by Compiled from Wire Services
Jun 24, 2016 12:00 am
The Presidency of Religious Affairs (DİB), Turkey's state-run religious authority, hosted an iftar, the fast-breaking dinner during Ramadan, for representatives and members of non-Muslim communities.
The Istanbul Mufti's Office organized the event, which was held at an Ottoman-era summer palace. Representatives of the Syriac Catholic Church, Armenian Orthodox Patriarchate and Jewish community were among those who attended the dinner on Wednesday evening.
Addressing the guests, DİB head Mehmet Görmez said the event was part of a larger campaign by the presidency to reach out to different segments of society. "The whole world is going through suffering today, and violence and terrorism prevails in our region. However, it is wrong to simply describe it as a security crisis or sectarian strife. This is a civilizational crisis and the whole world is affected by the fire falling on our region. Muslims are not merely responsible for starting the fire. The entire world is responsible for it and should be responsible for putting it out," he said. "We have to act together to put out the fire. Suffering in these lands, leads to suffering in other countries too, and hostility breeds more hostility."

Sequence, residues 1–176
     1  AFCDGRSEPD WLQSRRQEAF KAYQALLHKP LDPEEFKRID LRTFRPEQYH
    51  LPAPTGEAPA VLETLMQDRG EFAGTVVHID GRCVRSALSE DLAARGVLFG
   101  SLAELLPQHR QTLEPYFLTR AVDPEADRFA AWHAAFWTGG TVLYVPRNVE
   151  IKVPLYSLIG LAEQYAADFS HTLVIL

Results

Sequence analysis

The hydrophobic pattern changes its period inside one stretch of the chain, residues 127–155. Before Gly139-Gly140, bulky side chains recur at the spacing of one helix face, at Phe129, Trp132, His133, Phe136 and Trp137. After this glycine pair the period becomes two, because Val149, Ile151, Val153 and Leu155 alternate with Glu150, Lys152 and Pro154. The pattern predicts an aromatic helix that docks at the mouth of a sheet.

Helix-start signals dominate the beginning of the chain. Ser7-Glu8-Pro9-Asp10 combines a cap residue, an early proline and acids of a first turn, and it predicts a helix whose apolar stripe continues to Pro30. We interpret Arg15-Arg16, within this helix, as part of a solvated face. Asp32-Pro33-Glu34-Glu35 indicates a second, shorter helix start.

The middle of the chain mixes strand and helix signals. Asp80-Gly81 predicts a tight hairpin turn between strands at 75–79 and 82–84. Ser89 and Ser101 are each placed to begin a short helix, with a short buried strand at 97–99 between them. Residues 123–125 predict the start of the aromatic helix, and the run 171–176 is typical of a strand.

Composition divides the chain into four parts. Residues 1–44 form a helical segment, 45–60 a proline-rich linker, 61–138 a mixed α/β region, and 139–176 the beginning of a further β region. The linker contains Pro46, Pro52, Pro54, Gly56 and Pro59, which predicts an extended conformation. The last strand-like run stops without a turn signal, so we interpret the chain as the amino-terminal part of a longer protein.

Yusuf Sağ, the acting patriarch of the Syriac Catholic Church, said at the dinner that Muslims and Christians share the "same ancestors," in reference to Adam and Eve, and both believe in one God. "As religious leaders, we can pray for an end to the troubles our world is facing and, as clerics, we should come together more and pray together. Problems that one community faces are no longer confined to that community. I feel responsibility for the problems, for instance, Muslims in Myanmar face," he said.